• Information such as age, experience, injuries, environmental descriptors such as day/night, playing field surface, schedule density, contract status, momentum, etc.
  • Highly granular data available from Statcast such a pitch speed, length of lead-offs, deployment, etc.


There are numerous differences between the two methodologies. These have been partitioned into two groups — significant and non-significant differences

Significant Differences

  • The concept of a replacement player is fundamental to WAR; RPM evaluates the on-field performance of MLB players in a given season.
  • WAR produces separate WAR values for batters (includes running contributions), pitchers and fielding performance; offense and defense WAR values cannot be added to give a single measure of overall performance; RPM calculates normalized performance ratings for each of batting, running, pitching and fielding. These ratings can be added to give a single measure of overall player performance.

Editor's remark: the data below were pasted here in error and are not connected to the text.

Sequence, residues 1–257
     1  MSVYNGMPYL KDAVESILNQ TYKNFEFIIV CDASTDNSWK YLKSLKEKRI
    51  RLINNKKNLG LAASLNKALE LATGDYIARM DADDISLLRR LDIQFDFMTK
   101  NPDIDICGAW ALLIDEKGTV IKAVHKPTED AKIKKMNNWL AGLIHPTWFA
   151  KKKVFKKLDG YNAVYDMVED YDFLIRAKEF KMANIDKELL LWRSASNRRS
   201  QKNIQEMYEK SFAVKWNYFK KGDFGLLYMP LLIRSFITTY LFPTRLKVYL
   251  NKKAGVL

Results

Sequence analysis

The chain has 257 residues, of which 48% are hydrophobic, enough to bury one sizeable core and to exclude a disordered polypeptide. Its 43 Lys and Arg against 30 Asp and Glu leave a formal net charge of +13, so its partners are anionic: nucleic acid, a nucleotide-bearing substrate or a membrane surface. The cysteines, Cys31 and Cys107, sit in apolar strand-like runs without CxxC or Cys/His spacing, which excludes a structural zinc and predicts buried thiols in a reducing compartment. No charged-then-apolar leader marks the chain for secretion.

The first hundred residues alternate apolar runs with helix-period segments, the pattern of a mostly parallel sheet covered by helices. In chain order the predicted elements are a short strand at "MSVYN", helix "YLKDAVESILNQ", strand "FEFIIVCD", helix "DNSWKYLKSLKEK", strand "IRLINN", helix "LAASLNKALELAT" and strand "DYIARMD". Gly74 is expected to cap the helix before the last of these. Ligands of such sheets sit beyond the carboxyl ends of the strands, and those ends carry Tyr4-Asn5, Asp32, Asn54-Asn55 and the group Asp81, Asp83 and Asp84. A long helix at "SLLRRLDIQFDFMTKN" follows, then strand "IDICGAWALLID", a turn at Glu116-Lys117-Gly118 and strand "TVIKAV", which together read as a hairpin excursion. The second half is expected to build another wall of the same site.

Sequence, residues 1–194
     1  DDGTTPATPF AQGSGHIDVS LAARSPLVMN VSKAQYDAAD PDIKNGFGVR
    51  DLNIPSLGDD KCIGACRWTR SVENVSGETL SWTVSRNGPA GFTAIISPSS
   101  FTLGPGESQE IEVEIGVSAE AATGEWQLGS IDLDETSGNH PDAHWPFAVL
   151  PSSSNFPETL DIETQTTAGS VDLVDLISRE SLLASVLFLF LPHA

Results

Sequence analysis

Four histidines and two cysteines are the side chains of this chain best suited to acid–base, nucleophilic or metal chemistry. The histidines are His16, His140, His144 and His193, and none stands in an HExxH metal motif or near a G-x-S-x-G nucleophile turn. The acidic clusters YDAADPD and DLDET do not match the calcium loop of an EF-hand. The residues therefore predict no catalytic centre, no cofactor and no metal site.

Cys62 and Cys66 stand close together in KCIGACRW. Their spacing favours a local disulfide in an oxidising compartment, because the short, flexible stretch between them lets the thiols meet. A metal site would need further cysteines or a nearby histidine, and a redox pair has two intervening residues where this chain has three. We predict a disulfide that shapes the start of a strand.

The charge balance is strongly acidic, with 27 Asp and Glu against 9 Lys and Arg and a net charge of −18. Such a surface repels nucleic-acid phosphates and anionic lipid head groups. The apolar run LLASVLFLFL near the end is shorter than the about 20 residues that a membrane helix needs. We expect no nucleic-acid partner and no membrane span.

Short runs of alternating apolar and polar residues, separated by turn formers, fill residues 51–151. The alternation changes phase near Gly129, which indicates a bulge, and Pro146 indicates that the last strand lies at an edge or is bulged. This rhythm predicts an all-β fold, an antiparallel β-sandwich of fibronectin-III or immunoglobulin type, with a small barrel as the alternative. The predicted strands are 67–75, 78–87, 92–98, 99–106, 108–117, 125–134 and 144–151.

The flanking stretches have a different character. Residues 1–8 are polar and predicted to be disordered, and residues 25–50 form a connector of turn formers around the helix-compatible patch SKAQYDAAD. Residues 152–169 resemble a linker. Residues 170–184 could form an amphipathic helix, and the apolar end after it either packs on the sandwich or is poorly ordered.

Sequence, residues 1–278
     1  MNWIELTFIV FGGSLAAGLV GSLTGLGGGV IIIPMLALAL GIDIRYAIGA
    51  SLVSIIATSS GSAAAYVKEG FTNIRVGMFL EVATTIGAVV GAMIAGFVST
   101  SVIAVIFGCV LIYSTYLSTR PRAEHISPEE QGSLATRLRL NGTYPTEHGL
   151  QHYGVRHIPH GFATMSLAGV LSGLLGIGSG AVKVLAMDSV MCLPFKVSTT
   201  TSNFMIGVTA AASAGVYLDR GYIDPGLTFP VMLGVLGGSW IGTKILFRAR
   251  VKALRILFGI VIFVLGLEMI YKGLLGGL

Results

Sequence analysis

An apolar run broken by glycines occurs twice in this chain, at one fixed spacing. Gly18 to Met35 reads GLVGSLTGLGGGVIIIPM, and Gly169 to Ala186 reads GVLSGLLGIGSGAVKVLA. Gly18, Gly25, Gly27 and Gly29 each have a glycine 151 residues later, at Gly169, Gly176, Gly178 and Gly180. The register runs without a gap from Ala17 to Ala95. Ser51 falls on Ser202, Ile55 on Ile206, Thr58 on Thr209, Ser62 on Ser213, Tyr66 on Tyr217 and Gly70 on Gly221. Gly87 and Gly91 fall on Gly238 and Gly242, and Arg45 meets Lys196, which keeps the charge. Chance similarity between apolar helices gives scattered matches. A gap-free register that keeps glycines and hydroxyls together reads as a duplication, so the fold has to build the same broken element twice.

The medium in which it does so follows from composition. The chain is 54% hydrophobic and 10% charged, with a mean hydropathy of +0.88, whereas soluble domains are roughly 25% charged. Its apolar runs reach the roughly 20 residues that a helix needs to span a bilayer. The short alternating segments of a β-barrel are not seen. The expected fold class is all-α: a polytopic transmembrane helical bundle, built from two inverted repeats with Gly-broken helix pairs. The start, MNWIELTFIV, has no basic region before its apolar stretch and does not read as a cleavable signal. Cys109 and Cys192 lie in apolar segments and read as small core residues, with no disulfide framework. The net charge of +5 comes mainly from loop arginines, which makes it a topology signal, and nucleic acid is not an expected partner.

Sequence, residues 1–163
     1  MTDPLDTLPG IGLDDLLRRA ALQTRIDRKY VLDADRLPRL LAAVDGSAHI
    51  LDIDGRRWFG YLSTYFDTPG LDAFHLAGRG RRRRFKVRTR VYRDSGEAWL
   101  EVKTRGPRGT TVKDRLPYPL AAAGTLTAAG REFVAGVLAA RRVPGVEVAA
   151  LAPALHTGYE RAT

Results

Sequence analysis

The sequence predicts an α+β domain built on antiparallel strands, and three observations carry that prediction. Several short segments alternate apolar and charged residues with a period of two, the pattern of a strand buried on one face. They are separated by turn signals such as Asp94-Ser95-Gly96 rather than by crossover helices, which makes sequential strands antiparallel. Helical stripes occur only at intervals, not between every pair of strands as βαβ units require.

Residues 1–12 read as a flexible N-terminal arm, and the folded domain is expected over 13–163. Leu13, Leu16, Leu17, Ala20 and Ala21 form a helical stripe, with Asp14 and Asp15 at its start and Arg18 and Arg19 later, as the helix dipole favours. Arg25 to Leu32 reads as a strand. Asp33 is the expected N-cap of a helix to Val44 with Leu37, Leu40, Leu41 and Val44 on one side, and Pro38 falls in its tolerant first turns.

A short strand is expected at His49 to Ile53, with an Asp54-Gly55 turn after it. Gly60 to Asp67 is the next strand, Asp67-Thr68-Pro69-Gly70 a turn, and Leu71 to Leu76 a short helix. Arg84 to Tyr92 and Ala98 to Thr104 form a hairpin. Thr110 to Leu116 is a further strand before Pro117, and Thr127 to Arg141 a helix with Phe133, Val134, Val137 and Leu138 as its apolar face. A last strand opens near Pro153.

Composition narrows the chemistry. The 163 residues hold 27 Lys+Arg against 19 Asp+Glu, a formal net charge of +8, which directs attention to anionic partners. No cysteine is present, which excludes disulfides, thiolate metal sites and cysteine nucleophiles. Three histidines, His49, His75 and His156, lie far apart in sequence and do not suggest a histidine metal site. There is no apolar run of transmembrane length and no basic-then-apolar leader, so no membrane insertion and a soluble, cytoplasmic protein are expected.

• RPM assigns a responsibility value to each player involved in every play;
  • RPM values are calculated for every player in every play in every game; WAR values do not exist at the play level.
  • WAR uses many subjective estimates and weighting factors in formulas; RPM uses far fewer; parameters can be modified by a team.
  • WAR’s unit of performance is measured in wins; RPM player ratings are in runs
  • WAR calculations are much more complex than RPM. (Explanations of WAR frameworks probably run 200+ pages.)
  • WAR calculations embody several aggregate statistics; RPM uses only averages and standard deviations
  • RPM reporting options allow a user to select arbitrary subsets of player and games for analysis

RPM ratings can be used to: